Olympic Myths, Yarns, Tall Tales, and Half-truths Revealed...
Q. When, in ancient Greece, did Pheidippides run 26 miles to announce a Greek victory over the Persians at the Battle of Marathon, thereby starting the tradition of the Marathon run?
A. Probably never. The distance from Marathon to Athens is not 26 miles. Actually, the course that marathoners cover today is the distance from the now-demolished Shepherd's Bush Stadium in London to just outside the queen's bedroom at Windsor Castle. The 26-mile, 385-yard course for the Marathon run was standardized in the 1908 Olympic games in London. The longest race in the ancient games was about three miles.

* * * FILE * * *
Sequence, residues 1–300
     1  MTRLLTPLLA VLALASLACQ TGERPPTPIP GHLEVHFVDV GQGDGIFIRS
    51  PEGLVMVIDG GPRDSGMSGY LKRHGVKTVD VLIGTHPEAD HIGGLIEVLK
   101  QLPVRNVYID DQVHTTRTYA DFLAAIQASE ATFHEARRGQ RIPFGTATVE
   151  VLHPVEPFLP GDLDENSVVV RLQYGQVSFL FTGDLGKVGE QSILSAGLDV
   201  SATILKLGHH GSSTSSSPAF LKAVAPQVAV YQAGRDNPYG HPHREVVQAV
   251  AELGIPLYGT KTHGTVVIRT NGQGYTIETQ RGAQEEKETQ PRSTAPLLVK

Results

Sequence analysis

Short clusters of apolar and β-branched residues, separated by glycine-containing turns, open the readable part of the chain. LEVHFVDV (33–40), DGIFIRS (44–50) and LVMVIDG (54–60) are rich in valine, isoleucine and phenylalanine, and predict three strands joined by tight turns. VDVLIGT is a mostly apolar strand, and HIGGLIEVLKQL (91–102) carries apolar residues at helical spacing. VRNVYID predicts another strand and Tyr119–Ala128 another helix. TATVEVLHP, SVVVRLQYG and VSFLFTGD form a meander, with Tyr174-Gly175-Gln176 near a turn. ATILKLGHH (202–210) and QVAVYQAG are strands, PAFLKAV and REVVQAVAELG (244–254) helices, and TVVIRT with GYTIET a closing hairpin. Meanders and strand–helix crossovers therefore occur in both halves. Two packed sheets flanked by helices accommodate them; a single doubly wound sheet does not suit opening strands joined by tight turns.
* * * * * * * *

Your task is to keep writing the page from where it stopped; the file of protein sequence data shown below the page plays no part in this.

Q. When did the ancient Greeks come up with the concept of lighting a torch with the rays of the sun and then relaying it to the games' location?
A. It never happened. The tradition of the torch traveling overland from Greece to wherever the games are being held was conceived in 1936 by Lenni Reifensthal, a talented German filmmaker who became famous that same year for her propaganda film, Triumph of the Will . The first Greek torch lighting was basically a publicity stunt to publicize the 1936 Berlin Games.
Q. Were the ancient games only athletic events that were held only in Olympia, Greece?
A. In ancient times, the games were part of religious ceremonies that included animal sacrifices, dramatic and poetic readings, singing and incense burning. Athletics were only one segment. The four main sites for the ancient Olympics were Delphi, Corinth, Olympia and Aegina.